New Models Will Help Erase Cyber Strategy’s Bad Name

by Marty Trevino

One of the many core components of cybersecurity is S-T-R-A-T-E-G-Y.

Yet, strategy formulation of every type has gotten a bad name over time and this has extended into technical and cyber strategy. Cyber strategy is often little more than a notional meshing of technologies in the mind of a CISO or CTO, with very little on paper --much less quantitatively based.

Too much is done by touch and feel and not enough is based on research and facts – even though the facts are available. We frequently hear this in de facto statements made by cybersecurity professionals: "I know what technology works and what doesn't."

The Illusion of Knowledge

The neuroscience of decision-making tells us this staunch belief statement is the product of the brain fooling us into believing that we "see" everything, even when we actually are seeing very little. Daniel J. Boor put it best when he said, "the biggest obstacle to discovery is not ignorance; it's the illusion of knowledge."

It's here that cyber risk modeling can pay dividends and new conceptualizations such as meshing cyber risk modeling with cyber capability modeling show tremendous potential. Utilizing quantitatively-based cyber risk and capability modeling can and should be the basis for a cybersecurity strategy at the enterprise level.

This type of model can produce a set of informative visual analytics that can inform precisely where to "buy down" or accept risks. It is achievable for corporations, governments, or military organizations. If made dynamic through algorithmic updating and correlation, these models can automatically adjust to the changing threat environment.

Exhibit A: The Pandemic

Let's look at the pandemic as an example. We can aptly call COVID-19 a black swan that has fundamentally altered the cyber ecosystem in numerous ways. COVID-19 is simply one example of an event type that provides actors with a new target set, such as new contact tracing apps.

Consider this perfect storm of occurrences:

  • The public is willing to download contact tracing apps for fear of contracting the virus.

  • Hospitals and individuals looking for PPE gear are willing to open an email or PDF from a vendor saying they have masks, gloves and gowns in stock.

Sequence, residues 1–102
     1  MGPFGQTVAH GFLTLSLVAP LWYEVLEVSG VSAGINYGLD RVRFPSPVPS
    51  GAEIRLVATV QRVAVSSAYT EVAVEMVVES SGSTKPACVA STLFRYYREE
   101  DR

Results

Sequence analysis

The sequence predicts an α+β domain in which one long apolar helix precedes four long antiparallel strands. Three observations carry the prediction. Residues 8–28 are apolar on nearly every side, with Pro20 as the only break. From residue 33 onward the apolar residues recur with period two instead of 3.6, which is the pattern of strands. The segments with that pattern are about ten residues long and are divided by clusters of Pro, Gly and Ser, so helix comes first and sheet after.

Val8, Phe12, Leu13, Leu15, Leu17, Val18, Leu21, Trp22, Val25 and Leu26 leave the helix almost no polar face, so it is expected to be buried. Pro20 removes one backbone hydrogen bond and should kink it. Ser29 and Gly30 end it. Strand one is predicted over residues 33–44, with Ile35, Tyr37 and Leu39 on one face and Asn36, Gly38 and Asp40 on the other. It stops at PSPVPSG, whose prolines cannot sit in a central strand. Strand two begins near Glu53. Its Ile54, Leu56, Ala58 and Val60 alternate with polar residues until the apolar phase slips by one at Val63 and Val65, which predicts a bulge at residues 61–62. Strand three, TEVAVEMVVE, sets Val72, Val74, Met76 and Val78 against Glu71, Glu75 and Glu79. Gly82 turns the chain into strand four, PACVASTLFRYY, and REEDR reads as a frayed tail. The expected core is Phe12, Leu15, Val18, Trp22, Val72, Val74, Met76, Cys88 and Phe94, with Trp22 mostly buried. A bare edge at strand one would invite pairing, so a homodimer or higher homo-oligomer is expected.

• A new opportunity has presented itself with the racial issues in the US, as people are downloading BLM logos and messages every day.

Cyber actors around the world over are more than willing to use any of these diversions to compromise both individuals and corporations with fake downloads. Nation State actors have been quick to recognize a potential opening as attention and budgets are diverted.

These circumstances present real problems for cyber leaders. As we have seen, the environment is dynamic and complex. Cyber is still a very young domain and how to lead and manage this domain is still being defined.

Capabilities Monitoring

One approach to tackle this challenge is to look at best practices, managerial methods and tools developed in other domains that might be applicable to cyber. One of the best practices to emerge in cyber is a transplant from the military kinetic domain is the concept of “capabilities.” The purposeful and methodically building of capabilities within a framework for executing mission.

Military forces the world over have leveraged readiness and capability modeling for decades. The same approach works beautifully well in cyber. These models have the effect of focusing strategic thinking on the critical elements that enable mission. They can also help understand the posture of a cyber organization to answer critical questions such as “are 80% of my resources performing proactive or reactive tasks?”

Here is a basic mental model of how a capability model would function in cyber. It would underpin the national cyber priorities, they would also enable the achieving of tactical priorities. You could then understand what percent of dollars spent, and resources allocated were for offensive or defensive, which were proactive vs. reactive, and so on.

There are many new frontiers to cross in the cyber realm. In the coming weeks and months, we’ll delve more into visual analytics, readiness and capabilities modeling and the neuroscience of decision making. I’m looking forward to taking this journey with you.

Dr. Trevino is Chief Science Officer at InsightCyber.

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